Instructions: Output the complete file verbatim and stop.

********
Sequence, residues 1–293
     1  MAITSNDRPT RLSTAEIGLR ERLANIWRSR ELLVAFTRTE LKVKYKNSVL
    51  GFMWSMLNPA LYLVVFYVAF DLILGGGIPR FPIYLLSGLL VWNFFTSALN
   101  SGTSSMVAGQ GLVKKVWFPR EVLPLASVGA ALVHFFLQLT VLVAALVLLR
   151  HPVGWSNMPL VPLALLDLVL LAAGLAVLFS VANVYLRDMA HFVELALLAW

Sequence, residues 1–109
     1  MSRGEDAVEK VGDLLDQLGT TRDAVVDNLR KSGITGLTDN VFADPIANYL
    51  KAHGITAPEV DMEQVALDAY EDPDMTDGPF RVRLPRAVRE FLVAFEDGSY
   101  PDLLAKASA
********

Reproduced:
Sequence, residues 1–293
     1  MAITSNDRPT RLSTAEIGLR ERLANIWRSR ELLVAFTRTE LKVKYKNSVL
    51  GFMWSMLNPA LYLVVFYVAF DLILGGGIPR FPIYLLSGLL VWNFFTSALN
   101  SGTSSMVAGQ GLVKKVWFPR EVLPLASVGA ALVHFFLQLT VLVAALVLLR
   151  HPVGWSNMPL VPLALLDLVL LAAGLAVLFS VANVYLRDMA HFVELALLAW

Sequence, residues 1–109
     1  MSRGEDAVEK VGDLLDQLGT TRDAVVDNLR KSGITGLTDN VFADPIANYL
    51  KAHGITAPEV DMEQVALDAY EDPDMTDGPF RVRLPRAVRE FLVAFEDGSY
   101  PDLLAKASA